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The 250th-anniversary weekend not only looked back at Brown’s history; it also looked ahead at the changes most likely to transform education in the future. For educator Norman Atkins ’84, for example, there’s no doubt that technology will revolutionize the classroom. “Yes, the lecture is dead,” he said. “Rest in peace.”

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Scott Kingsley
The lecture is dead, says Norman Atkins '84, president of the Relay Graduate School of Education, as Mount Holyoke president Lynn Pasquerella '85 PhD and Google research director Peter Norvig '78 look on. 
Atkins, the president of the Relay Graduate School of Education, a New York City teacher-training program for charter schools, spoke during the 250th weekend as part of a panel entitled, “ABCs, Bits, Bytes, and MP3s: Technology and Its Impact on a Liberal Education.” He sketched a future in which students take Massive Open Online Courses (MOOCs) as prerequisites for classes offered on college campuses. “They will be replacing textbooks and lectures and other experiences that are not nearly as effective,” he said.

He also predicted the widespread use of “virtual seminars,” in which groups of students from around the world take classes together online with professors. Through the use of interactive technologies such as 3D goggles, “you will feel like you are virtually in the seminar room,” he said.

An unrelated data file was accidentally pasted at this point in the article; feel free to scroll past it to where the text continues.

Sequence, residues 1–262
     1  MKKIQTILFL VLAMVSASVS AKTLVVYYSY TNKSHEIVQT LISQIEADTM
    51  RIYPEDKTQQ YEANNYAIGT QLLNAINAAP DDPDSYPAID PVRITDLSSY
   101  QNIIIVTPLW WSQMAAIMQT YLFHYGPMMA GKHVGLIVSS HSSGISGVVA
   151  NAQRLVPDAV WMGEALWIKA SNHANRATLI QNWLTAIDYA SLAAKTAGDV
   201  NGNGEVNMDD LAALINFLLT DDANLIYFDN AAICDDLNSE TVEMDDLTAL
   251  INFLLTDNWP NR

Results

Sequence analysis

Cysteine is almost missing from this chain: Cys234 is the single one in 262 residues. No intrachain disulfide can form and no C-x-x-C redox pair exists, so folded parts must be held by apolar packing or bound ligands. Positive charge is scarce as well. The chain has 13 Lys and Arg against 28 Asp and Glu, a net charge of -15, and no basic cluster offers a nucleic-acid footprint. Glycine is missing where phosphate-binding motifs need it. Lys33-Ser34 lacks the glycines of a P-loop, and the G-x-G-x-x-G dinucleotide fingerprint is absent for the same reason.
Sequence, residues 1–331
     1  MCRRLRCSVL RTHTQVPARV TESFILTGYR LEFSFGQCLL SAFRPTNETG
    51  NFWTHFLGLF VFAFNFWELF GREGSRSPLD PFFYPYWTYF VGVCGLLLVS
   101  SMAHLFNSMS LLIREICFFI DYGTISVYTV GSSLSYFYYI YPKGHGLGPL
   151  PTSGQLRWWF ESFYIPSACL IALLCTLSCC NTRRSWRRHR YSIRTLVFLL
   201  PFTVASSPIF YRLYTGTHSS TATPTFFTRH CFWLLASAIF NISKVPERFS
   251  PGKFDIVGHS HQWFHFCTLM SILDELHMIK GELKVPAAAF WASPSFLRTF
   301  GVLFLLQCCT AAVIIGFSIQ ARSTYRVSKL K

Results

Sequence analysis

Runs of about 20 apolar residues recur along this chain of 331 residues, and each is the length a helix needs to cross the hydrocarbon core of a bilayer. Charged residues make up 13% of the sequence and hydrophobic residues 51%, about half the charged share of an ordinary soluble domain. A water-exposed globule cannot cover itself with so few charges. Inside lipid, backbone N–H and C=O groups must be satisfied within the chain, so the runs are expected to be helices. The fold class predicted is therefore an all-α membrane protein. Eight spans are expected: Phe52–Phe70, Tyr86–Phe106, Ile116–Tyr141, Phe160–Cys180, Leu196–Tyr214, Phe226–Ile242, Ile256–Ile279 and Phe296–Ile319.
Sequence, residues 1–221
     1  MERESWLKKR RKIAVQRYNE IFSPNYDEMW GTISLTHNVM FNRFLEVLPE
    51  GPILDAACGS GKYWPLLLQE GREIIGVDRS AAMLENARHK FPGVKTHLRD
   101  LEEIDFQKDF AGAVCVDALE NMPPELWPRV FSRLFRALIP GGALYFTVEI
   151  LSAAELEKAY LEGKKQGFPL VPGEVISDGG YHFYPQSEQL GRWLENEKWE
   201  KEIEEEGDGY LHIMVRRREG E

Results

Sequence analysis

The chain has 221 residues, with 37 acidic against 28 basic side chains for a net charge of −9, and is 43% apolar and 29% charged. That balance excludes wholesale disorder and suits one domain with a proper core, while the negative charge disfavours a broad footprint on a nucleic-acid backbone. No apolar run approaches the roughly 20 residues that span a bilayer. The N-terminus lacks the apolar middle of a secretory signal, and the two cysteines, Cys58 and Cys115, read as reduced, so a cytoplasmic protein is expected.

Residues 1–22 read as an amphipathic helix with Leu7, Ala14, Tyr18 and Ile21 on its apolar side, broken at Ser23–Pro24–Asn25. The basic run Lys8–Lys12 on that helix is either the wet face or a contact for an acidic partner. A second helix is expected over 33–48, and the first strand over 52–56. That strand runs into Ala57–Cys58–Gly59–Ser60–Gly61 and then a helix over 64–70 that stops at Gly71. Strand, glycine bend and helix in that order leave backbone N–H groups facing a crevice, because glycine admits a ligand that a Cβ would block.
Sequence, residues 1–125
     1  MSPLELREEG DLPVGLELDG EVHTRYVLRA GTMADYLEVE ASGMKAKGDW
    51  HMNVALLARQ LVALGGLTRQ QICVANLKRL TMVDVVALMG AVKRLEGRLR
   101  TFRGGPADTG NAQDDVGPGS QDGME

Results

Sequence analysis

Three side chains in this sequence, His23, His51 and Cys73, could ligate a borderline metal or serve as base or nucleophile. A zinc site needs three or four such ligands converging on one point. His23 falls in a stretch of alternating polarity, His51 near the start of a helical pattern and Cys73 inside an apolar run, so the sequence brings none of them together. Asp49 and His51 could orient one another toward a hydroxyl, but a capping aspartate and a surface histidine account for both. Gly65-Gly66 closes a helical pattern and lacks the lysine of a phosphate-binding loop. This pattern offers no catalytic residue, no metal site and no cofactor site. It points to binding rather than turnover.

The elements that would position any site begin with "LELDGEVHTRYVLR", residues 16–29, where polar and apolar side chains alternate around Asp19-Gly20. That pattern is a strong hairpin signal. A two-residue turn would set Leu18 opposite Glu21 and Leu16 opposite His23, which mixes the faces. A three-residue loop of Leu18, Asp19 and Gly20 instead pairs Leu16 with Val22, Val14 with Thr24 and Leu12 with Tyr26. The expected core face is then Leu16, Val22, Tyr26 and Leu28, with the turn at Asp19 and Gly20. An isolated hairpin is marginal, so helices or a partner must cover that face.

Peter Norvig ’78, director of research at Google, recently cotaught a MOOC on artificial intelligence for 160,000 students in 190 countries. Instead of long lectures, the course used targeted videos and assignments in which “everything was focused around the student accomplishing something.”

Each student received the instruction he or she needed to move to the next level of comprehension, a far more personalized approach, Norvig said, than giving the same lecture to everyone regardless of skill level. He believes the MOOC approach “is much more two-way. We’re having more interaction back and forth.” He said it also transforms a passive educational experience, in which you’re listening to a lecture, into an active one, where you’re selecting the assignments and videos you need in order to learn. Students learn more, Norvig emphasized, when they are able to move at their own pace.

Technology also allows Norvig to track students’ progress more closely than in a conventional course. He can, for example, monitor how long they spend on an assignment, and, by analyzing their aggregate performance on assignments, he can see where students are struggling the most—an approach that is more efficient than waiting for the results of a midterm or a final.

None of the panelists went so far as to call for the end of live interaction on a campus. There’s no substitute for face-to-face discussion with other students and professors, they agreed. In addition, going to an actual school enables you to join communities and meet people from different backgrounds. Showing up at a professor’s office hours or going to lunch together offers greater intimacy and impact than an online course.

“The learning doesn’t stop when you leave the laboratory or the classroom,” said Lynn Pasquerella ’85 PhD, president of Mt. Holyoke College. “It continues in the residence halls, when you’re out on the quad. It infuses every aspect of a student’s life.”

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